Humans are the only species to live in all of the world’s environmental niches – from ice caps to deserts, from rainforests to savannahs. As individuals we’re pretty puny, but when we’re socially connected we’re the most dominant species on the planet.
New evidence of stone tools in southern Africa shows that these social ties were stronger and broader than we thought in our ancestors who lived around 65,000 years ago, shortly before the great migration “out of Africa” in which they began to spread across the world.
Social bond and adaptation
Early humans weren’t always so connected. The first humans to leave Africa faded away without this migratory success and without leaving any genetic trace among us today.
But for the ancestors of today’s people living outside of Africa, it was a different story. In a few thousand years, they migrated and adapted to all types of environmental zones on the planet.
Archaeologists believe that the development of social networks and the ability to share knowledge between different groups was key to this success. But how do we observe these social networks in the distant past?
To answer this question, archaeologists examine tools and other man-made objects that still survive today. We assume that the people who made these objects, like people today, were social creatures who made objects with cultural meanings.
Social connectivity 65,000 years ago
A common small stone tool allowed us to test this idea in southern Africa, at a time known as the Howieson Poort about 65,000 years ago. Archaeologists call these sharp, versatile tools “backpack artifacts,” but you can think of them as a “stone Swiss army knife”: the kind of useful tool you carry around to do various jobs you can’t do manually. hand.
These knives are not unique to Africa. They are found all over the world and in many different forms. This potential variety is what makes these small blades so useful for testing the hypothesis that social ties existed more than 60,000 years ago.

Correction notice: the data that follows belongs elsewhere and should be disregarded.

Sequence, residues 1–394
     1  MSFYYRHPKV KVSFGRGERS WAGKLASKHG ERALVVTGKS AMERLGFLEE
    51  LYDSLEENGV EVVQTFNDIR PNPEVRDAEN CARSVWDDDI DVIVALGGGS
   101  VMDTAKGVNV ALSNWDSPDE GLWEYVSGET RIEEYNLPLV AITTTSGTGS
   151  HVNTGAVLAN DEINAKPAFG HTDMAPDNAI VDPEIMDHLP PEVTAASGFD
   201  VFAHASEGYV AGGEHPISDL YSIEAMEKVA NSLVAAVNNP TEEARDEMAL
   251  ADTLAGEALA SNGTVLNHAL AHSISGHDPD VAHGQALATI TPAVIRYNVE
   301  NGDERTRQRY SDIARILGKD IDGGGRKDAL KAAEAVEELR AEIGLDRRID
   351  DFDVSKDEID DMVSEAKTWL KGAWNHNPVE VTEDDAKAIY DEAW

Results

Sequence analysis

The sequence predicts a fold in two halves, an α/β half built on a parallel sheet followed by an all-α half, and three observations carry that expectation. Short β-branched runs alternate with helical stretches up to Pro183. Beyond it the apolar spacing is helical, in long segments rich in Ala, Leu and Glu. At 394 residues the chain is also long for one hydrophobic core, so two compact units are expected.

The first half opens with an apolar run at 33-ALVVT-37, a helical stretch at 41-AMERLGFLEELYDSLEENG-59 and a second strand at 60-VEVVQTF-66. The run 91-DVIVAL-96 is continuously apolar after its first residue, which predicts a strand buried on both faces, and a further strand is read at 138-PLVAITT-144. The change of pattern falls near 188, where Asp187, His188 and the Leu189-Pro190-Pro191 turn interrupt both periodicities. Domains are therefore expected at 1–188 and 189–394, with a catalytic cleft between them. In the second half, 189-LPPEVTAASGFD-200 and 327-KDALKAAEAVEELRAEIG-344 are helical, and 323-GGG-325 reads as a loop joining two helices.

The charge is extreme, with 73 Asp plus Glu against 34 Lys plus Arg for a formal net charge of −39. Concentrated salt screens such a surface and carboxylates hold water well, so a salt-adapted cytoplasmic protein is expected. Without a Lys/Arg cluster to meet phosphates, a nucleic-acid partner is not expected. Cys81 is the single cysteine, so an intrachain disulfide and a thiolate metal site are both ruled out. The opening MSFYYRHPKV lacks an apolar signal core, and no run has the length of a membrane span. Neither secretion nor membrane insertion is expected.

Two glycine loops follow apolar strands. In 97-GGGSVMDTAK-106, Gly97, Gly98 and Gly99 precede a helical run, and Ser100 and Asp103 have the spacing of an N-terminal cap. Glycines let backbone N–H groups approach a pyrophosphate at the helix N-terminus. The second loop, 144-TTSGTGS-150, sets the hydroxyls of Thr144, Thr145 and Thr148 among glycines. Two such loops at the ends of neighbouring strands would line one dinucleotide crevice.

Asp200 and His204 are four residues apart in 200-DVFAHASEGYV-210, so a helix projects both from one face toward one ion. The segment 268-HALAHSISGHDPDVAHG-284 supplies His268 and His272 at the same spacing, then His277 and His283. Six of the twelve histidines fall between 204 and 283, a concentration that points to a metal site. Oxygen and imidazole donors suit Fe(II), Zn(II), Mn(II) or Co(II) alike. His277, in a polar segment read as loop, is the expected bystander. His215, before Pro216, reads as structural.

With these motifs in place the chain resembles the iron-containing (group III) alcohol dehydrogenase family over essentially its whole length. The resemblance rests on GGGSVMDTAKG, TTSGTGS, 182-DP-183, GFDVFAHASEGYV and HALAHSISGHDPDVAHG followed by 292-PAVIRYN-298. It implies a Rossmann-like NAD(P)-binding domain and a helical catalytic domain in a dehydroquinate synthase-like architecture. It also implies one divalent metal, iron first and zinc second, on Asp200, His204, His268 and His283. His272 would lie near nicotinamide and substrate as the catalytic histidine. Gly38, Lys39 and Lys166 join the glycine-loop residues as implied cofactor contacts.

Throughout southern Africa, these blades could were made in a number of different shapes at different locations. However, around 65,000 years ago, it turns out that they were made in a very similar pattern over thousands of miles and multiple environmental niches.
The fact that they were all designed to look alike indicates strong social ties between geographically distant groups across southern Africa at this time.
Importantly, this shows for the first time that social ties were in place in southern Africa just before the great migration ‘out of Africa’.
It used to be thought that people made these blades in response to various environmental stressesbecause just like the Swiss army knife, they are multifunctional and multi-purpose.
There is evidence that stone blades were often glued or tied to hilts or handles to make complex tools such as spears, knives, saws, scrapers and drills, and used as points and barbs for arrows. They were used to process vegetable matter, hides, feathers and fur.
While making the stone blade was not particularly difficult, bonding the stone to the handle was, involving complex glue and adhesive recipes.
During the Howiesons Poort these blades were produced in huge numbers across southern Africa.
Data from Sibudu Cave in South Africa shows that their peak production occurred during a very dry period, when there was less rain and less vegetation. These tools were made for thousands of years before the Howiesons Poort, but it was during this period of changing climatic conditions that there was a phenomenal increase in their production.
It is the multi-functionality and multi-use that makes this stone tool so flexible, a key advantage for hunting and gathering in uncertain or unstable environmental conditions.
A strong social network adapted to a changing climate
However, the production of this tool at present cannot be considered solely as a functional response to changing environmental conditions.
If their proliferation was simply a functional response to changing conditions, then we should see differences in different environmental niches. But what we see is the similarity in production numbers and the shape of artifacts over large distances and different environmental zones.
This means that increased production should be seen as part of a socially mediated response to changing environmental conditions, with the strengthening of long-distance social ties facilitating access to scarce, even unpredictable resources.
The similarity of the stone ‘Swiss army knife’ across southern Africa provides insight into the strength of social bonds at this key time in human evolution. Their similarity suggests that it was the strength of this social network that allowed populations to thrive and adapt to changing climatic conditions.
These findings have global implications for understanding how the expansion of social networks contributed to the expansion of modern humans out of Africa and into new environments around the world.
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